As electric vehicle demand rises, more states are adopting regulations created by the California Air Resources Board (CARB). These policies push automakers to gradually lower their carbon footprints by requiring increasingly higher sales of all-electric, hybrid or alternative fuel models on an annual basis. On this episode of Inside Automotive, hosts Jim Fitzpatrick and Shyann Malone are joined by Jason Wilson, the president of the Kentucky Automobile Dealers Association (KADA), to discuss why some states are against these regulations and provide his insights on EV demand.
The adoption of CARB policies will likely differ based on local electric vehicle demand. This can vary heavily between states, notes Wilson. For instance, in rural regions such as Kentucky, range anxiety is a major concern for buyers, who tend to live further apart and have less access to reliable charging than residents in more densely populated areas. On the other hand, car dealers, who are nevertheless supportive of electrification, are worried about how their businesses will fare in an EV-only market if their respective consumer bases remain hesitant. OEMs often require that their retailers spend millions on charging stations, training and other preparations, investments which could take years to pay off should electric vehicle demand remain stifled. Simply put, for buyers and dealers in many states, a disconnect exists between the ambitiousness of the industry’s transition plans and the practicality of abandoning gas-powered cars. “This is truly a government-driven initiative,” remarks Wilson. “Whereas in the past, as we evolved through the car industry…all those changes came based on the demands of the consumer.”
Affordability is another concern for car buyers. At present, an EV typically costs $10,000 more than its petrol-based counterparts. Add in rising interest rates and untamed inflation, and it begins to make sense why electric vehicle demand could be limited in some locations. Wilson also notes that consumers are holding onto their cars for longer, with most driving 200,000 miles before considering a replacement. The combined cost of battery-powered vehicles and the longevity of ICE models have made it difficult for dealers to convince buyers to make the switch, a challenge evidenced by the pile-up of EV inventory seen in multiple states.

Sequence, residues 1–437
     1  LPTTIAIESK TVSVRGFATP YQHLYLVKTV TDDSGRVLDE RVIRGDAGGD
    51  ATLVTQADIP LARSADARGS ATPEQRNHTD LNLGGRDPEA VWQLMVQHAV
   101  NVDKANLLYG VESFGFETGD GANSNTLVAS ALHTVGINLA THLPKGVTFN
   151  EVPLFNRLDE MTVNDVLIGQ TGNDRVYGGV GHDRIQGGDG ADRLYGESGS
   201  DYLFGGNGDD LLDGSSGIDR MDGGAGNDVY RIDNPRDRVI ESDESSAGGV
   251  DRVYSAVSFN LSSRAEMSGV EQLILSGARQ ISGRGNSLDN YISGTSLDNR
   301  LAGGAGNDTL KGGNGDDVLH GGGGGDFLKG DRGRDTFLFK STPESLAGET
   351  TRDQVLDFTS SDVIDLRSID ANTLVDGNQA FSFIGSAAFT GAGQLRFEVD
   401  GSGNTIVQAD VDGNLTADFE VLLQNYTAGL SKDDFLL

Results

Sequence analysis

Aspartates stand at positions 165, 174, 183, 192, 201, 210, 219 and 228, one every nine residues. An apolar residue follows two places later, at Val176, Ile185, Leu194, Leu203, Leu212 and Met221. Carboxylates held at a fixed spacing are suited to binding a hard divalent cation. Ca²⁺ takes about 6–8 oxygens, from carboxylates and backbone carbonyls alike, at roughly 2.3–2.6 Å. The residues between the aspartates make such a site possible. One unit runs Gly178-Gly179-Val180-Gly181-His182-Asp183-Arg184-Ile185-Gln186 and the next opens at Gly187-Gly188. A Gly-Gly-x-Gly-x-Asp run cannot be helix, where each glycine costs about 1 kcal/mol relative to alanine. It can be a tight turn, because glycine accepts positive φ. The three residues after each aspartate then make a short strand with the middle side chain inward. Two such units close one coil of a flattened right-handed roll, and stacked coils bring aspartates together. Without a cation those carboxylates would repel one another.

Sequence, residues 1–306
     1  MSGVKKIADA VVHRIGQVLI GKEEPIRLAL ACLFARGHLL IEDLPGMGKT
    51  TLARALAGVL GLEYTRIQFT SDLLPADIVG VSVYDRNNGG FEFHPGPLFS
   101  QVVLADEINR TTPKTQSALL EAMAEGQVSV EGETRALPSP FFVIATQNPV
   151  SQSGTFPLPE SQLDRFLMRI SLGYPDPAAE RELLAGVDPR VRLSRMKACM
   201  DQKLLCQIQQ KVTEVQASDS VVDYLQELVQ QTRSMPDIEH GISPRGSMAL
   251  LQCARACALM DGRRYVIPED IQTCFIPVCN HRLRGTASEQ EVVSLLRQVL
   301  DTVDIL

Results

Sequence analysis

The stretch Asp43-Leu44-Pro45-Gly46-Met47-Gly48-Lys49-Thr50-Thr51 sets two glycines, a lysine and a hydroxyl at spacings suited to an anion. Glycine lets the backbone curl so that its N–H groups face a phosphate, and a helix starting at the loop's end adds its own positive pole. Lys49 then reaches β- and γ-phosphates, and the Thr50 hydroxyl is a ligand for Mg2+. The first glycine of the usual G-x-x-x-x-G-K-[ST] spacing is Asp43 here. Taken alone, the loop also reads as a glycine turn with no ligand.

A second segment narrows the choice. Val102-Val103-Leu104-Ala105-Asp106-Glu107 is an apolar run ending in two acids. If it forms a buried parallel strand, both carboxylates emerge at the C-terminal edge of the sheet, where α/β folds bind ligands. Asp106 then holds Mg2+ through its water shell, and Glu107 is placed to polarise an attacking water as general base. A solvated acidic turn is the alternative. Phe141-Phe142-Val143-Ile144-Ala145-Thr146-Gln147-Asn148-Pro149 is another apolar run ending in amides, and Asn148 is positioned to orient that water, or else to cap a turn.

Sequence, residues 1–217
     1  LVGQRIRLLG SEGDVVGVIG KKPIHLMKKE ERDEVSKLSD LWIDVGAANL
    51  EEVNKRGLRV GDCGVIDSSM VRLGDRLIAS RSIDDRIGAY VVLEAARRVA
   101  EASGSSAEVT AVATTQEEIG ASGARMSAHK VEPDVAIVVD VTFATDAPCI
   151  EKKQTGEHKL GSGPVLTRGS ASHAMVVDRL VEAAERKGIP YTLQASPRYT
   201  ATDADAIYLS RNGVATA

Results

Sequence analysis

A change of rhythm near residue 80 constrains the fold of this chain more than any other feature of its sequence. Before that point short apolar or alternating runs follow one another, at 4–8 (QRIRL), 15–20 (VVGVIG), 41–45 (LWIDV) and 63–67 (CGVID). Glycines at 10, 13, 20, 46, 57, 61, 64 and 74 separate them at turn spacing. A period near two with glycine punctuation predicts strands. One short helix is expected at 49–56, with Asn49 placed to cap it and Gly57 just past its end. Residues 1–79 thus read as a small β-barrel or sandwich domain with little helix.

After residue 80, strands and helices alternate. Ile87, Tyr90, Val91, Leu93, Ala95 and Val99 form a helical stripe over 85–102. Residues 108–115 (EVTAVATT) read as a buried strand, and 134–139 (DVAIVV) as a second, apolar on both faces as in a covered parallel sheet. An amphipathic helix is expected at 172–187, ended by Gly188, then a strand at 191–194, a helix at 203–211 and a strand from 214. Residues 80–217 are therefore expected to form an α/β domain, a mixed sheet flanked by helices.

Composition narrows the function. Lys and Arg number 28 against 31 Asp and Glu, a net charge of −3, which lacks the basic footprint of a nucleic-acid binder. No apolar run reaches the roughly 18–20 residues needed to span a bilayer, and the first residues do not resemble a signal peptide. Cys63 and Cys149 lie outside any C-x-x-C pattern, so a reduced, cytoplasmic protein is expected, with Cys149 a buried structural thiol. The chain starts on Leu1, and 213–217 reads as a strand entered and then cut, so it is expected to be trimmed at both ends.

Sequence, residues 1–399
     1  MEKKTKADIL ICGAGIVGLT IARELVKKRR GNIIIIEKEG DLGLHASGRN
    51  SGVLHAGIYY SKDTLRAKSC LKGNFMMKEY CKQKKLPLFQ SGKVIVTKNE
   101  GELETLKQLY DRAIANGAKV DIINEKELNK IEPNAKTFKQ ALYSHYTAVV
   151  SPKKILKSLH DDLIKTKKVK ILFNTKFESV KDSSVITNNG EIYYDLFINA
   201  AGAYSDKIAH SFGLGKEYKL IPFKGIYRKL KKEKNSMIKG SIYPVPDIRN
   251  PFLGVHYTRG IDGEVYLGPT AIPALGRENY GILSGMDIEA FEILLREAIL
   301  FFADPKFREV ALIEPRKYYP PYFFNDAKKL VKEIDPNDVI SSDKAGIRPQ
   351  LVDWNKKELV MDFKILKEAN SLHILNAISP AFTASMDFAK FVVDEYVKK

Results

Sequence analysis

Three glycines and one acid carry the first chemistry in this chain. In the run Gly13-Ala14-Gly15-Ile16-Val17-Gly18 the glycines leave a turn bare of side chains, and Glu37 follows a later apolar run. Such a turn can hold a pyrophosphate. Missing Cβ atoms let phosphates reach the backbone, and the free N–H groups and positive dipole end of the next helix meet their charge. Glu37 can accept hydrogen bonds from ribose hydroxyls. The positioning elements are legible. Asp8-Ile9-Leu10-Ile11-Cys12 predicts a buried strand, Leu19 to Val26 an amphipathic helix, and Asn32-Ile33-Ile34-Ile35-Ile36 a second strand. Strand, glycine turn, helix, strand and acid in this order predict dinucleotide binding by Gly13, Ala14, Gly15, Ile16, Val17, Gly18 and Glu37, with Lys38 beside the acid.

Wilson believes Kentucky will wait a considerable amount of time to adopt CARB regulations if, in fact, it ever does. Electric vehicle demand is simply too dependent on the local consumer base for regulators to expect uniform success. EVs are certainly in high demand among young buyers or drivers in urban environments, but that support dwindles in rural states or regions with older populations. Addressing demographic differences will be key to ensuring a smooth transition away from gas-powered cars. Unfortunately, since they must remain compliant with both local and federal regulations, OEMs are unlikely to distinguish between states with different markets. As a result, retailers bear the majority of the risk when it comes to the EV transition. “When dealers are told they have a choice to either opt-in or not on the EV program when the manufacturer is saying ‘we’re going all EVs’…what does that look like for you as a new car dealer for that manufacturer?” asks Wilson.
Associations like the KADA play a crucial role in keeping the business lucrative and successful, even in the face of challenges such as inconsistent electric vehicle demand. Wilson states that he and his colleagues will continue to examine the issues affecting franchised dealers as they represent the retail automotive sector before corporations and regulators.